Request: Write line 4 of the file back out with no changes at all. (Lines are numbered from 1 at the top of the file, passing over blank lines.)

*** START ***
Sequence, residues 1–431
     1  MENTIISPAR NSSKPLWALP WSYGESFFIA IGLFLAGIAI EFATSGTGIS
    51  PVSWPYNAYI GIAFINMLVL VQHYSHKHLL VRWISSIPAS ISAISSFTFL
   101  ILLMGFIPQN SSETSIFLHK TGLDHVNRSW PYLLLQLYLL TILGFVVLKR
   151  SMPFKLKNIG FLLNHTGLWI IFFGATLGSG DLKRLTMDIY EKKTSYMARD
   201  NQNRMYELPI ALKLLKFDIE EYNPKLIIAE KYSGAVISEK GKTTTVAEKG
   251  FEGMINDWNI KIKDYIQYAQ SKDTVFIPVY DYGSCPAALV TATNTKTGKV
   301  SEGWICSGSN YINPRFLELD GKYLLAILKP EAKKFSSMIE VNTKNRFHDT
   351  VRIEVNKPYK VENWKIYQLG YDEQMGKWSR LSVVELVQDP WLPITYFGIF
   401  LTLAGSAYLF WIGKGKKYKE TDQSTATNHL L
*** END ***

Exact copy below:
   101  ILLMGFIPQN SSETSIFLHK TGLDHVNRSW PYLLLQLYLL TILGFVVLKR